The following abstract presents results of a study conducted by a contract laboratory for the National Toxicology Program. The findings were not evaluated in accordance with the levels of evidence for reproductive or developmental criteria established by NTP in March 2009. The findings and conclusions for this study should not be construed to represent the views of NTP or the U.S. Government.
Diethylhexyl phthalate (DEHP), a widely used plasticizer, was administered to timed-mated Fischer 344 rats (F0 generation) on gestational days (gd) 0-20. Treatment groups received either O%, 0.25%, 0 50%, or 1.00% DEHP in the diet, with resultant average doses of 0, 164, 313 or 573 mg DEHP/kg/day, respectively. Maternal food consumption (g/kg/day) and weight gain during treatment were reduced in a dose-related manner; food consumption was significantly lower than controls in the mid- and high-dose groups, but maternal weight gain was significantly reduced only at the high dose. Postpartum maternal body weight was reduced at the high dose on postnatal day (pnd) 1, but no further maternal effects were observed through scheduled sacrifice of F0 dams on pnd 28.
The number of implantation sites per dam did not differ across groups, nor were treatment-related effects observed for the % fertile matings, % live litters (pnd 1), or % viable litters (pnd 1-4). Postimplantation mortality was increased in the mid- and high-dose groups (7.80%, 8.57%, 21.40% and 19.52% per litter for the control through high- dose groups, respectively), but this effect was statistically significant only at the mid dose. On pnd 1, average litter size and average pup body weight per litter were decreased in a dose-related manner (9.47, 9.3, 8.18, and 8.0 live pups per litter, and 4.91, 4.86, 4.75 and 4.52 g, respectively, in the control through high-dose groups); the effect upon pup body weight was statistically significant only for the high-dose group.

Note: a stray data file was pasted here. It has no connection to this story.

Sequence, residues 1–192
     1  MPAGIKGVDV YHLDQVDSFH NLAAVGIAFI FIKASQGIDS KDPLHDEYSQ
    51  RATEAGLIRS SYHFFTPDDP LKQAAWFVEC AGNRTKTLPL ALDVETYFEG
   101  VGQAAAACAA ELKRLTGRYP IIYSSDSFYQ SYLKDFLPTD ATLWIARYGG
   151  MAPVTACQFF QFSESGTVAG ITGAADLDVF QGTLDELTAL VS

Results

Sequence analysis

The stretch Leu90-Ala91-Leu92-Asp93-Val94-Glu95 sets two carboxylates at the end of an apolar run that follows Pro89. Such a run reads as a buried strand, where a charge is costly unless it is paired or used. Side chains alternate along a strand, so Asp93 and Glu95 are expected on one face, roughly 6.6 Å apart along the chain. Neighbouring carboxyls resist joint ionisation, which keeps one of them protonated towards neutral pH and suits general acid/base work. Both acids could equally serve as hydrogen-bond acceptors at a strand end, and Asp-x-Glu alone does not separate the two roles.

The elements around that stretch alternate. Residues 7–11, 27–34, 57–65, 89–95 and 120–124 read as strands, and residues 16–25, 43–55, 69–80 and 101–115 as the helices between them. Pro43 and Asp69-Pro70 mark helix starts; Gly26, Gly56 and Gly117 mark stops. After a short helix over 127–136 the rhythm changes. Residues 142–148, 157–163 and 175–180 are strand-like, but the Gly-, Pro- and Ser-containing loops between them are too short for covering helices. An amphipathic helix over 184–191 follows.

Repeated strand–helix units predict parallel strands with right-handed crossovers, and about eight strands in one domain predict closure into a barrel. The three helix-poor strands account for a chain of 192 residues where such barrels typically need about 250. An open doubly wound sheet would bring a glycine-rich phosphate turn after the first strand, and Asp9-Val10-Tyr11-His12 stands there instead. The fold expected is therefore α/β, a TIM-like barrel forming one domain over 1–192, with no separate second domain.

During the postnatal period (pnd 4 through sacrifice), F1 litters from DEHP-treated dams were comparable to controls for postnatal growth and viability, age of acquisition for developmental landmarks (i.e., incisor eruption, wire grasping, eye opening, testes descent or vaginal opening), and levels of spontaneous locomotor activity on pnd 21, 35, 38 and 55. Exposure of F0 dams to DEHP failed to result in any adverse effect upon reproductive performance in the F1 generation, or upon growth and viability of F2A litters through pnd 4. Appropriate statistical analysis of F1 reproductive organ weights could not be performed since potential confounding factors, especially age of F1 animals at sacrifice and relative timing of prior reproductive events, were not systematically controlled in this study. However, microscopic evaluation of reproductive organs from F1 males and females revealed no treatment-related histopathologic effects.
In summary, F0 females were exposed to DEHP (0%, 0.25%, 0.50%, or 1.00%) in the diet on gd O through 20. No adverse effects were observed in the 0 25% DEHP group (average intake = 164 ng DEHP/kg/day). Moderate maternal toxicity (decreased food intake; decreased maternal weight gain), as well as reduced pre- and perinatal growth and viability of the F1 generation were observed in the 0.50% and/or 1.00% DEHP groups (average intake = 313 and 573 ug DEHP/kg/day, respectively). Despite the presence of significant maternal and developmental toxicity at 0.5% and 1.00% during treatment and during the perinatal period, no residual or delayed effects were observed upon the growth, viability, development or reproductive performance of the F1 generation between pnd 4-128.